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Huddle Up with Gus
Huddle Up with Gus

Episode · 2 years ago

Mark Pattison

ABOUT THIS EPISODE

A former wide receiver in the NFL, he has a goal to climb all “Seven Summits” of the world, a renowned podcaster in his own right, Mark Pattison joins the Huddle. See omnystudio.com/listener for privacy information.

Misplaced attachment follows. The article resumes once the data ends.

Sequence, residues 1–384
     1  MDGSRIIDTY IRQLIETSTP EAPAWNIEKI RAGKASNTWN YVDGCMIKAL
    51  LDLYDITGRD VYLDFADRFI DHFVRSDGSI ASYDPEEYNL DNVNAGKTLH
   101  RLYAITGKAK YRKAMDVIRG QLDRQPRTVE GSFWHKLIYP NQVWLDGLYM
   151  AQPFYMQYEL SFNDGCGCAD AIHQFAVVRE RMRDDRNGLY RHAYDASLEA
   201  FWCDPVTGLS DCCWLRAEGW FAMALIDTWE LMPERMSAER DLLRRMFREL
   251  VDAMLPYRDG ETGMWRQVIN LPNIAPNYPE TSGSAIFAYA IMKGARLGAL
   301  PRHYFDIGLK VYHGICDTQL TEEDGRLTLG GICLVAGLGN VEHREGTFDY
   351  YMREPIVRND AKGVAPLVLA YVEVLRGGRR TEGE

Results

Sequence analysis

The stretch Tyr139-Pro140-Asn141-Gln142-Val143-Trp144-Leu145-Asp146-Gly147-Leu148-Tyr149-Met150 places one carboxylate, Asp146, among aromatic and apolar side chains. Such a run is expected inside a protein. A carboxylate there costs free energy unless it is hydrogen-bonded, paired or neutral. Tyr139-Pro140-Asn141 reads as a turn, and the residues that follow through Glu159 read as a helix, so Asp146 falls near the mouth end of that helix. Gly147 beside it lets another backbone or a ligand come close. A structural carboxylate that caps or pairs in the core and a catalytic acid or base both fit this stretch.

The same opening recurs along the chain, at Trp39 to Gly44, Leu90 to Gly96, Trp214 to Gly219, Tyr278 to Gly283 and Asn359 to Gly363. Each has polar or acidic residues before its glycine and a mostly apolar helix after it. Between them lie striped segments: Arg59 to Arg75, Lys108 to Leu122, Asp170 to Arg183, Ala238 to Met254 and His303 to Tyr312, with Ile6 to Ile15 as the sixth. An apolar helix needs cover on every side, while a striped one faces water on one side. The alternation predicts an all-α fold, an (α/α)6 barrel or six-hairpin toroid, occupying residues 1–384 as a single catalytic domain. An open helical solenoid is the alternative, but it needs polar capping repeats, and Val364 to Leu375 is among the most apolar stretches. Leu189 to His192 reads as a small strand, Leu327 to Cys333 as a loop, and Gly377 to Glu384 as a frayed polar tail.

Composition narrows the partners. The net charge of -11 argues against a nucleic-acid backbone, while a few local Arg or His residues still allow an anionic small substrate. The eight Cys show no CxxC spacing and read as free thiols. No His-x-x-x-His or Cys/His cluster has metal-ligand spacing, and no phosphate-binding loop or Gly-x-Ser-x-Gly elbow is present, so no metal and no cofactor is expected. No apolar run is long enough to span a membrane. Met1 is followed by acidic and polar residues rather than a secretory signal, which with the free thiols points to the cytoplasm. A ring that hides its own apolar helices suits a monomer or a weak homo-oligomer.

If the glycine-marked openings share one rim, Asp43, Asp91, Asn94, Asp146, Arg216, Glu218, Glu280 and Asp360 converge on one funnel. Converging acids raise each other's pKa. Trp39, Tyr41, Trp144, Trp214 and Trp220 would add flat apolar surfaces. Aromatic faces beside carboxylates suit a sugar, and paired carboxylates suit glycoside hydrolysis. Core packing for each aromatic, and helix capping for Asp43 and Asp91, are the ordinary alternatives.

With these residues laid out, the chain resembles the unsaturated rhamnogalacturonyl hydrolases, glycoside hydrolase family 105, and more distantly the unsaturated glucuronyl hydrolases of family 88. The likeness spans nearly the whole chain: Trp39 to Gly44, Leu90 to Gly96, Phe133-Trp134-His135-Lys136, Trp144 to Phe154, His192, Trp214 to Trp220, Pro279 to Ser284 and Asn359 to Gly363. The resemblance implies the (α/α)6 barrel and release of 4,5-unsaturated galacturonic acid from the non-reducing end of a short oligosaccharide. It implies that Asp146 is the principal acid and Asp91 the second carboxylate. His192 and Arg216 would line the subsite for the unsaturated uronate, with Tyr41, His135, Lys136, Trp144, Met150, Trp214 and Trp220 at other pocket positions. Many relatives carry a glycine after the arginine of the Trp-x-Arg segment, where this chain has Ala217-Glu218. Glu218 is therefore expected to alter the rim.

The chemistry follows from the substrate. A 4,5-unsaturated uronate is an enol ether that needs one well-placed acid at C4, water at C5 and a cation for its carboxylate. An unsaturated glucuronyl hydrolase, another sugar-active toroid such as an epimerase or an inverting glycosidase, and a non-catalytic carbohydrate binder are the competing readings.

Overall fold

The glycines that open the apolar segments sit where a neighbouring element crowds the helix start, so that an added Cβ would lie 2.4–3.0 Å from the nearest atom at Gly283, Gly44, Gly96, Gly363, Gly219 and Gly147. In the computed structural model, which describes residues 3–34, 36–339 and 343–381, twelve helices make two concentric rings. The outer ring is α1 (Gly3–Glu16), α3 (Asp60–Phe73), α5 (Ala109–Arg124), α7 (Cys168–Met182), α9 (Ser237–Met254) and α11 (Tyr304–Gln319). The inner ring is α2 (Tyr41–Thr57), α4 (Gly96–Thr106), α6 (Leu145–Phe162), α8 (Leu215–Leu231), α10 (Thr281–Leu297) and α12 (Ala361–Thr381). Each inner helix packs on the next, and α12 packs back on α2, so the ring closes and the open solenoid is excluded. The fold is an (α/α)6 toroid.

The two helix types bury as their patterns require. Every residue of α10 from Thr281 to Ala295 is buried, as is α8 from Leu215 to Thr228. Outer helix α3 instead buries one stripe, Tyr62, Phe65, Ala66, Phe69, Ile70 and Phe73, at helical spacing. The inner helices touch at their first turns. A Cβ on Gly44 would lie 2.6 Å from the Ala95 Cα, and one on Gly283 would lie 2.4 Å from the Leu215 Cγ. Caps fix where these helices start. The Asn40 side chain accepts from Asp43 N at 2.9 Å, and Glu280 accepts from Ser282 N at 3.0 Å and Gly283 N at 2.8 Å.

Hello Dave: This is going to be a funone, interesting story here. It is Dave what what is the highest summit you've everclimbed? Well, Gus, I don't from start Tofi. I've beenon some high summits out west, been above tree line. Walking with myfamily. I wouldn't sit it's little differentthan what this guy does, but I've been on some wwhat's, the scariest hikeyou've ever been on. That would have happened this springthe spring yeah me. We took a trip and didn you go to. Vegas went to Vegas,but we kind of took like an unconventional tour of Vegas that included going to. Ithink it was called like the Devil's Throat Canyon or something like that.It was. It was something like. Were you nervous when Kelly said, hey dave,we're going to go hike, Devil's throat cand? I was not nervous, even thoughthet sound it sounded like it was. I should be nervous. I wasn't nervous shewas. She read on trip, Advisors, Yeu, so our guest talks about how, when hegoes to a mountain- and he sees them on, he getsbutterflies, did ye you the same way when you got out of the van and youwent to the devils, Throk Canyon, and you saw it, you got a little nervous, I still not nervous because it was wereactually going downhill, so you're like Oh, this is Goin to be easy. I thoughtit was going to be easy and I was really wrong. We didn't read the therewas there's lots of warnings that we read afterwards that we, if we wouldhave heated those warnings, I don't think that so what part of the hikewhere you like, the most nervous like when did you realize like this- is GonTa Suck? Well, one of the parts was when I was linkface down in the dirt, Unable Tho have the strength to do a pushup andstand on my feet and other hikers who I hadn't met up to.That point had to carry me that made me a little uneasy. What doyou think our guests would say if he saw you inthat? What do ou? What do you think he would? I mean he's very positive, veryabout picking yourself up. I mean he had to do it to himself, and I thinkthis would even is him seeing me trying to scale down these. I don't know if you call them cliffs orwhatever was we were doing. I think that would even test his positivity,where he might have even given up on me. Thank God does I would still be there For wasn't for a couple of those guys that I didn't know until he carried meout, yeah didn't somebody help you up with that. It was also carrying a baby.There was a there was a family with a baby and they he may have stepped overme as I was laying there, but there was a couple kids couple teenage girls at.I think they were trying to revive me and splash water on my face and stuff,so dave our guest. I don't know if he's ever been thatdown buthe's been down in his life and hefound a way. He said, I don't know how I got here and he basically he said.Okay, I'm going to change that thinking and now. What am I going to do about itand that's pretty powerful thinking? ND, not a lot of people can pull themselvesout of that no and he took he channeled hisenergies into something like totally different than what he was doing before the hard times and has becomegreat doing what he's transformed into right,because he always felt. I think he was a grood athlete growing up inWashington and then you know going to school. A I think hewent to univers e was a musquite. He was a Hosky ye h and then he went in and played in the NFL for quitea few years with the raiders. You know an in just some of thosepolific teams and then get done with that gets married, trying to figure outlife and we all make that transition as former athletes. That's so hard to figure out what our next step inlife is and he's no different, but he took that and changed it and turnedit around and he's not just casually hiking up hills around hishouse he's going to extreme levels of climbing right. Well, he is planning onbeing the first NFL player to climb the seven summits. Next Maze Doing Everest Right, which is insane it's crazy. Well,the story when he was when he climbed Killmanjaro his tent met actually diedon everst.